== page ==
Renewables, power storage are Kosovo’s best choice: World Bank study
The most affordable strategy for the government in Prishtina would be to phase out coal-fueled power production, according to a previously unseen document that the United States–based Institute for Energy Economics and Financial Analysis or IEEFA has reviewed.
The World Bank apparently concluded in August of last year that ContourGlobal Plc’s plan for to build a 450-MW thermal power plant would mean excessive expenses and the rise in total capacity above the optimal level. The international finance organization later withdrew support for the project in Kosovo*.
Capacity from RES is projected to climb to 430 MW
The study for internal purposes revealed it would be more cost effective and sustainable to develop smaller facilities and lean on renewable energy and efficiency, particularly retrofitting existing coal-powered units. Based on ongoing and planned projects and official targets, the combination of small hydropower, wind, biogas, biomass and photovoltaic panels was projected to reach 430 MW. At the time, the capacity was 73 MW.
Gear for solar, wind, batteries is becoming more affordable
Authors failed to acknowledge giant lignite reserves as an advantage. In the summary, posted online, they highlighted the decline in costs for equipment in the sectors of solar power, wind energy and battery storage. The scenario for the period through 2052 was produced by calculating data for ten electricity sources.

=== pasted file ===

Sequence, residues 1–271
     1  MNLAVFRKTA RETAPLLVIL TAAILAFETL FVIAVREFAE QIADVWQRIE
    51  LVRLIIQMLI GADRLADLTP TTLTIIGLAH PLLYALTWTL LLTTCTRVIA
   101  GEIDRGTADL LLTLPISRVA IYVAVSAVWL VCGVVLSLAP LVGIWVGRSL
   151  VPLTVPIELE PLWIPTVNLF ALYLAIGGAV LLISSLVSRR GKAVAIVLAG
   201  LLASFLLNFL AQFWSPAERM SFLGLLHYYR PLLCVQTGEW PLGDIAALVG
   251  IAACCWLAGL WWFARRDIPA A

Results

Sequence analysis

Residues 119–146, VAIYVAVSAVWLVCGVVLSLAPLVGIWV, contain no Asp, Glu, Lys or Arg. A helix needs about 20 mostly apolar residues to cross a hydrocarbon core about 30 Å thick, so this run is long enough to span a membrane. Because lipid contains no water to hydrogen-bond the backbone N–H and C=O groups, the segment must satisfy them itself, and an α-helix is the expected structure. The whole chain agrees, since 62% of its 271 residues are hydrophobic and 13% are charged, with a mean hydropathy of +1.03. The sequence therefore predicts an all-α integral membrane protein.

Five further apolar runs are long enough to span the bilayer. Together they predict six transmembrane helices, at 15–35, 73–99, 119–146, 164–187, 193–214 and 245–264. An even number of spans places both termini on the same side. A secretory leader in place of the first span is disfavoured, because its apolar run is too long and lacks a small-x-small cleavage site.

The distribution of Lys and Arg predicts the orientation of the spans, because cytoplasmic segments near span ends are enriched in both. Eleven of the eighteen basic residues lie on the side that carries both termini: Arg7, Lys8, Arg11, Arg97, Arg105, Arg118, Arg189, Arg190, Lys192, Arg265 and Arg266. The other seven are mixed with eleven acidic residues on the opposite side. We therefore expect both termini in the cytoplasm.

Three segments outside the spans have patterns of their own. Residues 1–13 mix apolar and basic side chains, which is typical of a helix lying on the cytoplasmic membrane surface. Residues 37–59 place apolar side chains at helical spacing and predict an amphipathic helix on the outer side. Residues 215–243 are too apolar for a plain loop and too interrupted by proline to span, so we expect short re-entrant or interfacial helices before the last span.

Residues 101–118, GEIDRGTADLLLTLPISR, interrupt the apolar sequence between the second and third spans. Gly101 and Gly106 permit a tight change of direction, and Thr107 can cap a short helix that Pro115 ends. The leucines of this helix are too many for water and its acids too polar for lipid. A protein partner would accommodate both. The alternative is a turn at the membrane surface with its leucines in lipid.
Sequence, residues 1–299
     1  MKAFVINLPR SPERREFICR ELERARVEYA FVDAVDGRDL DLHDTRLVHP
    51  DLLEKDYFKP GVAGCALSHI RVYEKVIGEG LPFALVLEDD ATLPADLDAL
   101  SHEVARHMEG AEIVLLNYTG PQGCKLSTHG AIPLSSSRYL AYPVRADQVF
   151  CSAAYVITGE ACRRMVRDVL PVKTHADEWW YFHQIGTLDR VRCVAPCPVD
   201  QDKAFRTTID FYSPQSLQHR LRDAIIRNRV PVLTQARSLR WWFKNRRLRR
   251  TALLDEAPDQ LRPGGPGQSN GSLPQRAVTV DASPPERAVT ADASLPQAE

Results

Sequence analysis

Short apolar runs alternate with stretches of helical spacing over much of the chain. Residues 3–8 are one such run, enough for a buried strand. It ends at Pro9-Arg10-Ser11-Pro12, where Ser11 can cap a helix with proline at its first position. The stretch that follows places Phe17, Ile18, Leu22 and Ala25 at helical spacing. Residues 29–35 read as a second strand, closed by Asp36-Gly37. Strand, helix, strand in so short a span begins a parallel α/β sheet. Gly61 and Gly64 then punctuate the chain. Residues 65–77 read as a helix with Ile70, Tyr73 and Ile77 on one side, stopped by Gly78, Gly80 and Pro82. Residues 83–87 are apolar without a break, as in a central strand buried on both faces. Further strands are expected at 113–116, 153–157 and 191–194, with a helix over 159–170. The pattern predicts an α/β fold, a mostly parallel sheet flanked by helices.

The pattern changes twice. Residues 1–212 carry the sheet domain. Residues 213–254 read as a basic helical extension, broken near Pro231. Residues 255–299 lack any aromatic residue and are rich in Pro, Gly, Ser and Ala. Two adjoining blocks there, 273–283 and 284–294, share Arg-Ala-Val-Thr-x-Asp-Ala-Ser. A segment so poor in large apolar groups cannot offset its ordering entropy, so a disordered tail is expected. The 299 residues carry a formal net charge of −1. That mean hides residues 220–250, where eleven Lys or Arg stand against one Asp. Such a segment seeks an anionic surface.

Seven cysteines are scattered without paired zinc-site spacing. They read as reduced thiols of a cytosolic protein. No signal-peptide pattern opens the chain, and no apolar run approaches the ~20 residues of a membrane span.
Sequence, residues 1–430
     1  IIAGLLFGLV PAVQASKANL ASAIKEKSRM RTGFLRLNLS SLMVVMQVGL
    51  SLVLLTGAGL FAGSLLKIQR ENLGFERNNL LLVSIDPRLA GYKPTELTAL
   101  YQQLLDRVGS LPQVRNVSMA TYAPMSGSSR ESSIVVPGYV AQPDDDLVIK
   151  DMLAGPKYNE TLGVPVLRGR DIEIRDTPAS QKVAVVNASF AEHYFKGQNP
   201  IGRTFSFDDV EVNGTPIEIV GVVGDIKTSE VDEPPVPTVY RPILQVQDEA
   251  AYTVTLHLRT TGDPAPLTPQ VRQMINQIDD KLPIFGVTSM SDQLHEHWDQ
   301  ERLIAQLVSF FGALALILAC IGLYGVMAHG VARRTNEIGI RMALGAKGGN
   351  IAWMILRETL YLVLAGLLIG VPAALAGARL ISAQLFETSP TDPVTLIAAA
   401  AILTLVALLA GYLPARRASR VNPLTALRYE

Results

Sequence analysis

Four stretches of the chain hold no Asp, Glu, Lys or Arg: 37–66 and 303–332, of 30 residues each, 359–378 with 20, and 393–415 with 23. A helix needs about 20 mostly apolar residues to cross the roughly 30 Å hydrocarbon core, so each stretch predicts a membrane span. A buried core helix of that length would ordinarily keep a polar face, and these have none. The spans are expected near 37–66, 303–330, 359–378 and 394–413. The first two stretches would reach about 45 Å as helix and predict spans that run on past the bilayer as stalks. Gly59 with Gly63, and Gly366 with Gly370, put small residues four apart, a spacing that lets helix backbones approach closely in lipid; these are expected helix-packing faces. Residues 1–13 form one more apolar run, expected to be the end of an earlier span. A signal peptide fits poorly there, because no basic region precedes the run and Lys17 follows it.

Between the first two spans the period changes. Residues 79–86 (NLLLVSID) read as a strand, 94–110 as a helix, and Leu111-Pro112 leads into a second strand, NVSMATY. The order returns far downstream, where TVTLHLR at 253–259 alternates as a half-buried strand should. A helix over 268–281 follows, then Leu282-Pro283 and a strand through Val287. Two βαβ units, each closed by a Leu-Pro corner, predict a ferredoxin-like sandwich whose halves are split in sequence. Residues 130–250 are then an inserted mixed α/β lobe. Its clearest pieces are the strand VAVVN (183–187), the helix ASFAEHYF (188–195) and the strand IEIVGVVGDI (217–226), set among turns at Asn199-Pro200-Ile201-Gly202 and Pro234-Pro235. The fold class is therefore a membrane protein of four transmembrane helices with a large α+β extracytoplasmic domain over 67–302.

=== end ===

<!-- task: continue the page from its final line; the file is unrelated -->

The option of a new oil or oil and gas system was a major item in the analysis, alongside a boost in green energy with storage, retrofitting two thermal power plants and closing the remaining three, and installing another one fueled by coal. The last option was covered in several variations for technology and size, including 300 MW.
Don’t leave out social cost of carbon dioxide emissions
The assignment didn’t pencil in the required expenditure for cleaning up brown coal mines. The only cheaper solution than ContourGlobal’s blueprint would be to install the thermal power plant but with outdated technology.
In the most comprehensive case, Kosovo would need to add up capital spending and the cost of operations, electricity imports, domestic air pollution and the social impact of carbon emissions overall, the bank’s analysts concluded. The maximum for cross-border power purchases was set at 17% of gross annual imports, where they peaked in 2014, and 70% in terms of hourly demand.